You may restrict your experiments to a subset of the instances in the input data IF Weka cannot handle your whole dataset (this is unlikely). But remember that the more accurate your set of rules, the better.

  • Evaluation and Testing: Use different ways of testing your results of the mining technique employed

    1. Supply input data and mine and evaluate your model over this same input data.

    2. Supply separate training and testing data to Weka.

    3. Supply input data to Weka and experiment with several split ratios for training and testing data.

    4. Supply input data to Weka and use n-fold crossvalidation to test your results. Experiment with different values for the number of folds.

  • Prunning of the rules:

    Determine if/how the PRISM method prunes rules during their construction and/or after each rule is constructed. If pruning is done, determine exactly how it is done.


    REPORTS AND DUE DATE


    GRADING CRITERIA

    TOTAL: 100 POINTS + EXTRA POINTS DEPENDING ON EXCEPTIONAL QUALITY
    
    (TOTAL: 15 points) PRE-PROCESSING OF THE DATASET:
    (05 points) Discretizing attributes as needed
    (05 points) Dealing with missing values appropriately
    (05 points) Dealing with attributes appropriately
               (i.e. using nominal values instead of numeric
                when appropriate, using as many of them 
                as possible, etc.) 
    (up to 5 extra credit points) 
               Trying to do "fancier" things with attributes
               (i.e. combining two attributes highly correlated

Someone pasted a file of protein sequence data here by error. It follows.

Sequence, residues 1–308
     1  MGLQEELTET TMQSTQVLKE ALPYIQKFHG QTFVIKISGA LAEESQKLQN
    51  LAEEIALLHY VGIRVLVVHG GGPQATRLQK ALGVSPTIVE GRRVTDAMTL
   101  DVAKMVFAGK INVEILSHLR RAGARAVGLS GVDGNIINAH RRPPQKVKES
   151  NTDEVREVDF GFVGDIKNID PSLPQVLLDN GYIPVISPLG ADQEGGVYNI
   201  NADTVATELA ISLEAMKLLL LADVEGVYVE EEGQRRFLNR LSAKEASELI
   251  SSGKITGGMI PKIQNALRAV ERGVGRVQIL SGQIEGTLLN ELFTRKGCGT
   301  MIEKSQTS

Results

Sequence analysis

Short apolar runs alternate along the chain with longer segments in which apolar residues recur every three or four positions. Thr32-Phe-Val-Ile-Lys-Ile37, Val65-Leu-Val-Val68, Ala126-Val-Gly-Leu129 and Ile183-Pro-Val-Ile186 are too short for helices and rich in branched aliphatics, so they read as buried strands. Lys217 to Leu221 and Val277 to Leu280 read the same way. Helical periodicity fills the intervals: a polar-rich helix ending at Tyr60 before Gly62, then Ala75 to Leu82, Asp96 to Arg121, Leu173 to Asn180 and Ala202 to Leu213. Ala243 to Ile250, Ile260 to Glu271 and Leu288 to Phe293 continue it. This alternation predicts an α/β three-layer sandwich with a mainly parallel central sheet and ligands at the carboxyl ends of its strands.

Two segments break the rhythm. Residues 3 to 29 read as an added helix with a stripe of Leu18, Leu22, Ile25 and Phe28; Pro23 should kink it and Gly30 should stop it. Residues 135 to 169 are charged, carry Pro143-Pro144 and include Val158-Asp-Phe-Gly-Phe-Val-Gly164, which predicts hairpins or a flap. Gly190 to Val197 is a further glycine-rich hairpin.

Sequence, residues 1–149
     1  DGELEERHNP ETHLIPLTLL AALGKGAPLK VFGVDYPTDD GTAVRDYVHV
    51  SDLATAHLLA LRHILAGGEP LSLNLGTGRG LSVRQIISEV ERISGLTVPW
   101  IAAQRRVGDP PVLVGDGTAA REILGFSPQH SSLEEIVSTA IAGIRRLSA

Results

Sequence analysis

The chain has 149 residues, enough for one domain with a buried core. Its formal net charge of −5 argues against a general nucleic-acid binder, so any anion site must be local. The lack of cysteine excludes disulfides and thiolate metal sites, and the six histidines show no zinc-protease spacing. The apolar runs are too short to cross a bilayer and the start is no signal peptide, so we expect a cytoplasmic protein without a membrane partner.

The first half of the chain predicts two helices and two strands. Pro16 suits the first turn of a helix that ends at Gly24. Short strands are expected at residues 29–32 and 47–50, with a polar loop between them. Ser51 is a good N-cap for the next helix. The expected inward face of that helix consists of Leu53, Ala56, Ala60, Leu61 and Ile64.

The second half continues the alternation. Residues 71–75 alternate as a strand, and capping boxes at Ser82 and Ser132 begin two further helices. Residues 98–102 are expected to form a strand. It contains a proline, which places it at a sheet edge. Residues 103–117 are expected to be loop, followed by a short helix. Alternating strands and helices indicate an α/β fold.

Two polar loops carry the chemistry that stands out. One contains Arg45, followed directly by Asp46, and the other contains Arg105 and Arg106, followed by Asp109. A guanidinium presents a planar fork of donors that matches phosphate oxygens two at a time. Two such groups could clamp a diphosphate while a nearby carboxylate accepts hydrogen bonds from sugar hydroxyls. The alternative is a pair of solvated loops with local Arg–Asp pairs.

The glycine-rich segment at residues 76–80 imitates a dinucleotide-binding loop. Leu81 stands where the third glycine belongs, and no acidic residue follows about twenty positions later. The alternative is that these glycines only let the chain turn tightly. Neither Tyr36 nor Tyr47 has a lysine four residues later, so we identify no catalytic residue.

into one, using background knowledge, etc.)
        
    (TOTAL: 20 points) ALGORITHMIC DESCRIPTION OF THE CODE DESCRIPTION
    (05 points) Description of the algorithm underlying the Weka filters used
    (15 points) Description of the algorithm underlying the construction and
                pruning of classication rules in Weka's PRISM code
    (up to 5 extra credit points for an outanding job) 
    (providing just a structural description of the code, i.e. a list of 
    classes and methods, will receive 0 points)
    
    (TOTAL: 60 points) EXPERIMENTS
    (TOTAL: 30 points each dataset) FOR EACH DATASET:
           (06 points) ran a good number of experiments
                       to get familiar with the PRISM classification method and
                       different evaluation methods (%split, cross-validation,...)
           (08 points) good description of the experiment setting and the results 
           (08 points) good analysis of the results of the experiments
           (08 points) comparison of the results obtained with Prism and the
                       classifiers from previous project (ZeroR, ID3, and J4.8)
                       and argumentation of weknesses and/or strenghts of each of the
                       methods on this dataset, and argumentation of which method
                       should be preferred for this dataset and why. 
           (up to 5 extra credit points) excellent analysis of the results and 
                                         comparisons
           (up to 10 extra credit points) running additional interesting experiments
                       selecting other classification attributes instead of the 
                       required in this project statement ("editable/poisonous", 
                       "private/public")
    
    (TOTAL 5 points) SLIDES - how well do they summarize concisely
            the results of the project? We suggest you summarize the
            setting of your experiments and their results in a tabular manner.